Sally came ashore 16 years to the day that a Category 3 Hurricane Ivan struck roughly the same areas.

Sally’s slow forward speed is expected to continue through Wednesday as it moves northeast, taking with it strong winds and more flooding potential.

Parts of Alabama and the Carolinas could see flash flooding, according to the National Hurricane Center.

Mandatory evacuations were ordered for much of the coast and low-lying areas from Mississippi to Florida, and shelters opened to accommodate evacuees.

Florida Gov. Ron DeSantis said “pretty much any body of water in Northwest Florida” could see a rise in levels over the next few days because of Sally.

“There is going to be a lot of a lot of property damage,” DeSantis said in a news briefing Wednesday. “When you see downtown Pensacola, you see three feet of water there, that’s going to affect probably every business that’s in downtown Pensacola — there’s just no two ways about it.”

It was the second hurricane to hit the Gulf Coast in less than three weeks and the latest blow in one of the busiest hurricane seasons ever recorded, so frenetic that forecasters have nearly run through the alphabet of storm names with 2 1/2 months still to go. At the start of the week, Sally was one of a record-tying five storms churning simultaneously in the Atlantic, strung out like charms on a bracelet.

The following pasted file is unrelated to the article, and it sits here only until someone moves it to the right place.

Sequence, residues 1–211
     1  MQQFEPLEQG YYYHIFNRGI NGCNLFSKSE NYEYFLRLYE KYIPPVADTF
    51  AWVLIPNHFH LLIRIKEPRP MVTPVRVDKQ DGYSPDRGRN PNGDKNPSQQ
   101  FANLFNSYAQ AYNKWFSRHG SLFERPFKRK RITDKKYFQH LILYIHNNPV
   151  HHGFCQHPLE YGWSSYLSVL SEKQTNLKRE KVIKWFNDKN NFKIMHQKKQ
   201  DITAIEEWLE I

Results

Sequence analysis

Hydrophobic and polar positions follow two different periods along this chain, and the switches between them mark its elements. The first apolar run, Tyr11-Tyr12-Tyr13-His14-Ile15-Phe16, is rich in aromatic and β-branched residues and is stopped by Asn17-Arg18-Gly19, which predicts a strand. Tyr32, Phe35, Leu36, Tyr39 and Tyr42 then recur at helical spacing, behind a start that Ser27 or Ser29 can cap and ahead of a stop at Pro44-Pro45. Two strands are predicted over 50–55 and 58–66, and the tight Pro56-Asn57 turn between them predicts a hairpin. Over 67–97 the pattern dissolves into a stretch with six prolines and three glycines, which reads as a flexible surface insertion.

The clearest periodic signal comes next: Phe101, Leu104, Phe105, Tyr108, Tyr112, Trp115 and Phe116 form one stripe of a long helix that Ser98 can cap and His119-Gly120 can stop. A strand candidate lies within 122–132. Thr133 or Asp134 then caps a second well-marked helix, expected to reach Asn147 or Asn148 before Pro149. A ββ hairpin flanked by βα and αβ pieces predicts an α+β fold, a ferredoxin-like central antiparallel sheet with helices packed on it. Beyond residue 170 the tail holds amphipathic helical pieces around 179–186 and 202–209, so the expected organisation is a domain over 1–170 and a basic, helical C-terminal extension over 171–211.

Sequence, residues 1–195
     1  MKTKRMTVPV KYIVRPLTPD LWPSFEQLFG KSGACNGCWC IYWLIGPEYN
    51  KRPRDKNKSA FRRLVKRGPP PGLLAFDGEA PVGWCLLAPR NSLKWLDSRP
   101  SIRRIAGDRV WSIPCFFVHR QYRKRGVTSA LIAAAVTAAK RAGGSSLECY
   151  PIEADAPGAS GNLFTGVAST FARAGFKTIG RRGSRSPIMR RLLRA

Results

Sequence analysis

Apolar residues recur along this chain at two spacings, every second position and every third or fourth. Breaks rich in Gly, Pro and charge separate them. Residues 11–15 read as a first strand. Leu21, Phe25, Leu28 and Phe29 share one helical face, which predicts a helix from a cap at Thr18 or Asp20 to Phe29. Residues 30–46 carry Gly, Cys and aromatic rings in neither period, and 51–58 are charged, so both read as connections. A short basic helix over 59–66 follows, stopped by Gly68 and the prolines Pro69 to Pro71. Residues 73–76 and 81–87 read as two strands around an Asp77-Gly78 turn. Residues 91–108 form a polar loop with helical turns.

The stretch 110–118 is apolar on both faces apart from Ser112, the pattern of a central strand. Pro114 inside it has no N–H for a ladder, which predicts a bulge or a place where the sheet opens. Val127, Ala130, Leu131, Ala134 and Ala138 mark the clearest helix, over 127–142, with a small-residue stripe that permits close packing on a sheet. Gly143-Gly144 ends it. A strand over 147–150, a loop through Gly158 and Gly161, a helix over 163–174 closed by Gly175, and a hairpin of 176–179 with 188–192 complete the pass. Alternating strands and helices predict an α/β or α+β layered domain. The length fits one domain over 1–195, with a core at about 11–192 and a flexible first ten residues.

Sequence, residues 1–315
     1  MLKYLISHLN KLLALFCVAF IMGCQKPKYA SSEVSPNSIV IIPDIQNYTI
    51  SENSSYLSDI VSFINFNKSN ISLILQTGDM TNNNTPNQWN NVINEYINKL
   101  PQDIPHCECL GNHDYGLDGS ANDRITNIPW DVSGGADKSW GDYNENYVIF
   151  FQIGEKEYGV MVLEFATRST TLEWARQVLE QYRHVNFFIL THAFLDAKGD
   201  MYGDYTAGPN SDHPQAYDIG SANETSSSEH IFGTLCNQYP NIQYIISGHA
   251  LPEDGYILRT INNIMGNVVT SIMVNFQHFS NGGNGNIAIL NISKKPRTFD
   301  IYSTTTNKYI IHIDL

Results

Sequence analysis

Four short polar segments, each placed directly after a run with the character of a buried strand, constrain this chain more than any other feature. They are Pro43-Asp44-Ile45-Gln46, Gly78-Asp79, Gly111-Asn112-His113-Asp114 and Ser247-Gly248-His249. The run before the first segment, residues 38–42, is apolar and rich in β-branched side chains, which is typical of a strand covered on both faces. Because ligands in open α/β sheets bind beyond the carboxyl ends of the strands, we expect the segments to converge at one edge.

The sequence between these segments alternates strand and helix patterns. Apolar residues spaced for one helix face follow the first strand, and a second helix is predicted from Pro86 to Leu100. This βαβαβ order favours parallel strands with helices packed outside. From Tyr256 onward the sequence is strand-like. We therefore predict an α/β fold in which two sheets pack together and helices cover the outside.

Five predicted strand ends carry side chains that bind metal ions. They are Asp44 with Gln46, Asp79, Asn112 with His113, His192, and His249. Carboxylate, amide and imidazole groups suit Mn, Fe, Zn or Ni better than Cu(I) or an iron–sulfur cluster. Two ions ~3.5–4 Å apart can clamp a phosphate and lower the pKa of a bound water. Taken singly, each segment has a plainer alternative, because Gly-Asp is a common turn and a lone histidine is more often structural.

Like the wildfires raging on the West Coast, the onslaught of hurricanes has focused attention on climate change, which scientists say is causing slower, rainier, more powerful and more destructive storms.

Flood waters move on the street, Wednesday, Sept. 16, 2020, in downtown Pensacola, Fla.

AP Photo/Gerald Herbert

Flood waters move on the street, Wednesday, Sept. 16, 2020, in downtown Pensacola, Fla.